The federal TTB issued its first 2016 ruling (2016-1) announcing its efforts to identify non-compliance with tied house rules prohibiting breweries, wineries, cideries, distilleries and wholesale distributors from directly or indirectly influencing retailers to purchase product. This includes giving/lending/renting/selling equipment, signs, supplies or services to alcohol retailers.
There are some recognized exceptions, most notable, that craft beverage manufacturers or wholesale distributors can legally stock, rotate and price products for a retailer provided competitor products are not disturbed. The TTB listed several practices that it believes go beyond the permissible exception:
- Participating in the retailer’s purchasing, pricing or shelf stock decisions regarding competitor’s products
- Receiving and analyzing confidential and proprietary information about a competitor
- Furnishing third party market data to the retailer
- Furnishing things of value to a retailer participating in decisions and communications with suppliers about daily operational matters, including advertising and promotions
- Performing other services for the retailer of any kind except stocking, rotating or pricing its own products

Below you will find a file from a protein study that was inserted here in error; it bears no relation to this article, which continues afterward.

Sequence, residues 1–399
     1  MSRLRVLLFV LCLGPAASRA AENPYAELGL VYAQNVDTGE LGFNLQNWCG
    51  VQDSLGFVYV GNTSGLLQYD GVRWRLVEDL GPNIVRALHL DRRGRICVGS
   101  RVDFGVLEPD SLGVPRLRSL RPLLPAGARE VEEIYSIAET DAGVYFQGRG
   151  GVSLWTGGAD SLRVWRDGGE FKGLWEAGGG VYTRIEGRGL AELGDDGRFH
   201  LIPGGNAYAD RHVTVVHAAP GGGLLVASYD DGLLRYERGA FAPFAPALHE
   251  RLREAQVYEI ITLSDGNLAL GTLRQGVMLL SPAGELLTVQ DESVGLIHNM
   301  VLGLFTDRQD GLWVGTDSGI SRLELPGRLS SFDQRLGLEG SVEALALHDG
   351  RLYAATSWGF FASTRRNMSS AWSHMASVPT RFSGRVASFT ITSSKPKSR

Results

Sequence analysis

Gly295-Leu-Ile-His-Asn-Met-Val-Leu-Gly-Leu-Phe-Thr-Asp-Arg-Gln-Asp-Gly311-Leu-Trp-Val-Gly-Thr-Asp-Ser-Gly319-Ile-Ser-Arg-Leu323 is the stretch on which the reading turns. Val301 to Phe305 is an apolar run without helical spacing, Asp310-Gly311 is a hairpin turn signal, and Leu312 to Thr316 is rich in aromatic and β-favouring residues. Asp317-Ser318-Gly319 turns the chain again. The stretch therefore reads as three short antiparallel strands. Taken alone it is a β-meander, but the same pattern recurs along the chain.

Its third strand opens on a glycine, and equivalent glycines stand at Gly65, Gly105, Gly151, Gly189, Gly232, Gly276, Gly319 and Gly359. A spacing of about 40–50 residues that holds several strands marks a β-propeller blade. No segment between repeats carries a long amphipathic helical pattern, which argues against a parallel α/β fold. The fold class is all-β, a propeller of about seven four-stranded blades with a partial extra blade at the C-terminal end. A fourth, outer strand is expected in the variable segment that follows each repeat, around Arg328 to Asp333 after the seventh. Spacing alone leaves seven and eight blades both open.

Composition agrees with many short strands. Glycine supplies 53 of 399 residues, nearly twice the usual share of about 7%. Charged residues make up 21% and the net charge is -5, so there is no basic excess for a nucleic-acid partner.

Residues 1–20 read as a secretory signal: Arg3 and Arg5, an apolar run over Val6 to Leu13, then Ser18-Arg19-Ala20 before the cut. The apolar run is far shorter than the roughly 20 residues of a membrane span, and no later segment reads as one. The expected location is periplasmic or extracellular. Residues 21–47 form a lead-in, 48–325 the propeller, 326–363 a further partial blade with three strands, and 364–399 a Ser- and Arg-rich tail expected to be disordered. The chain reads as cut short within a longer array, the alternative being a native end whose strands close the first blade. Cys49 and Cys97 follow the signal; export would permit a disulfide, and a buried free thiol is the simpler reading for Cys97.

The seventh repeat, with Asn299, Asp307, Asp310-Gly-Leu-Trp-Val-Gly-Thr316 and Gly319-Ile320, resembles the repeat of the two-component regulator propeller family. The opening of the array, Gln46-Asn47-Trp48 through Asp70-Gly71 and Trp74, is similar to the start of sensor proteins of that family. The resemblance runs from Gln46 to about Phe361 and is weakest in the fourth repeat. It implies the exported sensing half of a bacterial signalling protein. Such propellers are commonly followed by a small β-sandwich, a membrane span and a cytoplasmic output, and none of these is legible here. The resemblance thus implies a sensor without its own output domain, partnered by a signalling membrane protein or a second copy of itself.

- Voluntary payments to wholesalers by the retailers for the rotating, stocking and pricing services
Thus, where a retailer seeks out the expertise of distributors in making purchasing decisions to manage a category of product, it could run into trouble with unintended violations for tied house laws. The TTB allows limited advisory services concerning shelf displays to maximize sales with the provision of shelf schematics for a category of beverage (vodka or beer, for example). It does not extend the exemption to other decisions and practices in the retailer’s operations. It is okay to provide a shelf display schematic, but to be involved in its implementation or monitoring, or providing product sales data that could influence purchasing decisions would be a clear violation.
This latest ruling just underscores how complicated selling alcohol can get. If you have specific questions about your arrangements with retailers and other business practices, we highly recommend that you consult your personal legal representative.